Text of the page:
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  • Company News

    Nature Medicine article states that BRL-101 gene therapy for thalassemia has cured children for over 2 years

    2022-08-04

    On August 4, 2022, BRL Medicine Inc. (hereinafter referred to as " BRL Medicine ") announced that he world's first CRISPR gene editing treatment of children with β0/β0 severe thalassaemia in cooperation between BRL Medicine and Xiangya Hospital of Central South University, has been free from blood transfusion dependence for more than 2 years and has started its normal life and study. Meanwhile, the results of the clinical trial were published today in Nature Medicine, a top international medical academic journal (Impact Factor: 87.241).


    As the first clinical study based on CRISPR gene editing in the treatment of β0/β0 severe thalassemia published in a top academic journal, the article published detailed clinical data and more comprehensively interpreted the efficacy and safety characteristics of patients treated with BRL-101.



    Gene therapy, one treatment can achieve a lifelong cure


    Inducing the expression of γ-globin (fetal hemoglobin HbF) by gene editing is a highly promising strategy for the treatment of β-thalassemia caused by mutations in the HBB gene. The team of BRL Medicine published the clinical data of the therapy in detail today in an article in Nature Medicine , and evaluated the safety and efficacy of gene therapy in children with transfusion-dependent β-thalassemia (TDT).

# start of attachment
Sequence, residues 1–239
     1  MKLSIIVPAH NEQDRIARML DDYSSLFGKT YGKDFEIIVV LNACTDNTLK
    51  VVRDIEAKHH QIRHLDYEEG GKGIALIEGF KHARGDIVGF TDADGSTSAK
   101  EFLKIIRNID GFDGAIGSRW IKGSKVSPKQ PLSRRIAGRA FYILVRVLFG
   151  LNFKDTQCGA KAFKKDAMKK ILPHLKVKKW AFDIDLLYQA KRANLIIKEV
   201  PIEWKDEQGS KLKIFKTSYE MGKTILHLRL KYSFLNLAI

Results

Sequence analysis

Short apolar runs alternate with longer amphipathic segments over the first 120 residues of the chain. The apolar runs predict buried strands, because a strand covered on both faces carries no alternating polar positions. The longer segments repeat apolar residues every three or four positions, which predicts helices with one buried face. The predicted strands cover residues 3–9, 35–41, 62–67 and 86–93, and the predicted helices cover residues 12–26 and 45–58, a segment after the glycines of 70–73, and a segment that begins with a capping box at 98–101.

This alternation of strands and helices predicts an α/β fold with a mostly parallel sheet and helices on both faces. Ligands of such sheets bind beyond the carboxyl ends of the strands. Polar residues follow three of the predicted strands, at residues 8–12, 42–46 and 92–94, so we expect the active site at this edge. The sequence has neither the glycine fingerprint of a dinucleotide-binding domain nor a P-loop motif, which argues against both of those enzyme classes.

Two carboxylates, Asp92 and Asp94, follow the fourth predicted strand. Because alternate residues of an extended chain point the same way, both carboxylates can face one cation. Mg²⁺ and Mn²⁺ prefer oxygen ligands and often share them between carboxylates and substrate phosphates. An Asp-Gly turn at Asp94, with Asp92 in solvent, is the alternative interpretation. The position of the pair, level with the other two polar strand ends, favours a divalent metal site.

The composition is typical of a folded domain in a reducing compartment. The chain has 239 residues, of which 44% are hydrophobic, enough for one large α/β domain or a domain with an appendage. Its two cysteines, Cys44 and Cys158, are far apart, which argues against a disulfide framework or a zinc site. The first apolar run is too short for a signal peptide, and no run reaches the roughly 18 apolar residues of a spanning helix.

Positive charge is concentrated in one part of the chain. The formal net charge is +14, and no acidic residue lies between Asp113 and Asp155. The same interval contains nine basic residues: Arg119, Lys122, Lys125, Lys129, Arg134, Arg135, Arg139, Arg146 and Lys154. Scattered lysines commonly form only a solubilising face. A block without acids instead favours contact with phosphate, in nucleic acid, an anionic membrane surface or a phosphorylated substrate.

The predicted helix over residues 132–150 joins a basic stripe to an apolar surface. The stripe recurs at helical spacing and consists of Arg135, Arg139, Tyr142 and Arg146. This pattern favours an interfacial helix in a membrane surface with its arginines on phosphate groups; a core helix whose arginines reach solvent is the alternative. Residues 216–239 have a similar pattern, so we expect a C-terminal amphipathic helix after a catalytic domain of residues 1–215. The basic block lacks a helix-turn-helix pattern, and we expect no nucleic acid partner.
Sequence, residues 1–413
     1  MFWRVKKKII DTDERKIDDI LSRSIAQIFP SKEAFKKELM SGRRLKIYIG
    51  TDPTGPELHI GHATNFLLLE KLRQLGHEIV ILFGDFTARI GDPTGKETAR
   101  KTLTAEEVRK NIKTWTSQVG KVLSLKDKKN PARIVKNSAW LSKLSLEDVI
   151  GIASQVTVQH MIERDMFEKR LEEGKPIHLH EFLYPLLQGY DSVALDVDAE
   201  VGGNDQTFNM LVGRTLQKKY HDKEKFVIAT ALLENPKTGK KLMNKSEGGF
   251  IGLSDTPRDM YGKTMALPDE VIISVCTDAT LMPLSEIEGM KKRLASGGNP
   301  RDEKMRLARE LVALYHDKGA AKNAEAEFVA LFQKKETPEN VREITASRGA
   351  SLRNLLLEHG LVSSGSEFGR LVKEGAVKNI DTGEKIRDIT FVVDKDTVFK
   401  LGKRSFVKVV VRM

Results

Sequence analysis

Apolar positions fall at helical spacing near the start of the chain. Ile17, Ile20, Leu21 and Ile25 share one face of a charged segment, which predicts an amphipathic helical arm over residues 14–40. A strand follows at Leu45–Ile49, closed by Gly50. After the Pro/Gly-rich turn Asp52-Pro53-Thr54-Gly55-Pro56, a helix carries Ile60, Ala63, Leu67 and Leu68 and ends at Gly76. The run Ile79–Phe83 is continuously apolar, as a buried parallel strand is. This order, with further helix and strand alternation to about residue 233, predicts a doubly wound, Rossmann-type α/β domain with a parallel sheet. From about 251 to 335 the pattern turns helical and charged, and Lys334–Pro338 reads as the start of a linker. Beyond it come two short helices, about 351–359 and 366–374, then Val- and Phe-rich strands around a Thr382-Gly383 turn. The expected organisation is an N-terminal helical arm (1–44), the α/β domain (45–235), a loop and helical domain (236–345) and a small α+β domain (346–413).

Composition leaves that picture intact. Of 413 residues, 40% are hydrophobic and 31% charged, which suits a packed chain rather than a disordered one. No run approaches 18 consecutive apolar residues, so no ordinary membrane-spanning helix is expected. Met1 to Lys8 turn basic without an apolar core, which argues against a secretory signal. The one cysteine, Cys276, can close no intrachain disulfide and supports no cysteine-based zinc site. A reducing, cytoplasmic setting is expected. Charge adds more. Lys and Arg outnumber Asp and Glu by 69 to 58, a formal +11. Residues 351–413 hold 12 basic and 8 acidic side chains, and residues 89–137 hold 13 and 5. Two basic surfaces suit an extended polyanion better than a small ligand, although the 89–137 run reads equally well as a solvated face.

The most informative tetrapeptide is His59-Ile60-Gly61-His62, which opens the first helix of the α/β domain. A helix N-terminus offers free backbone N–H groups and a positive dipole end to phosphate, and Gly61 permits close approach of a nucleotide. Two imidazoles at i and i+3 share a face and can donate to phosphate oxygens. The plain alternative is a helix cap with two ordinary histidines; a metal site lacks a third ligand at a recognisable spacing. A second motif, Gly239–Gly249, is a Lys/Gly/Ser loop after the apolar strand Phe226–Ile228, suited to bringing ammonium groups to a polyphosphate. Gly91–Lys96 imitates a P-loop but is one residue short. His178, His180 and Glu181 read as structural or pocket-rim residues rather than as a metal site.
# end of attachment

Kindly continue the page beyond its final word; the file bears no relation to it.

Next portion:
The trial transplanted gene-edited autologous hematopoietic stem progenitor cells ( HSPCs) into two pediatric patients, one of whom had a genotype of β0/β0, was classified as the most severe type of TDT; Another treated child also had TDT. As of the time of submission of the article, the fetal hemoglobin of the two children increased from 2.55g/L and 1.75g/L at the baseline to 149g/L and 139g/L at the latest visit ,respectively, and the total hemoglobin content also reached 152g /L and 140g/L, and have achieved freedom from blood transfusion dependence for more than 16 months after treatment (freedom from transfusion dependence is defined as a total hemoglobin of 90 g/L or more without transfusion). The toxicity associated with myeloablative pretreatment was mild throughout the course of treatment , no serious infection occurred, and they were discharged at 52 and 40 days after transplantation, respectively . As shown in the figure below, the number of red blood cells and overall hemoglobin level in both patients began to increase steadily around day 45 and reached healthy levels around day 75. As of now, the two subjects had been free from blood transfusion dependence for more than 24 months.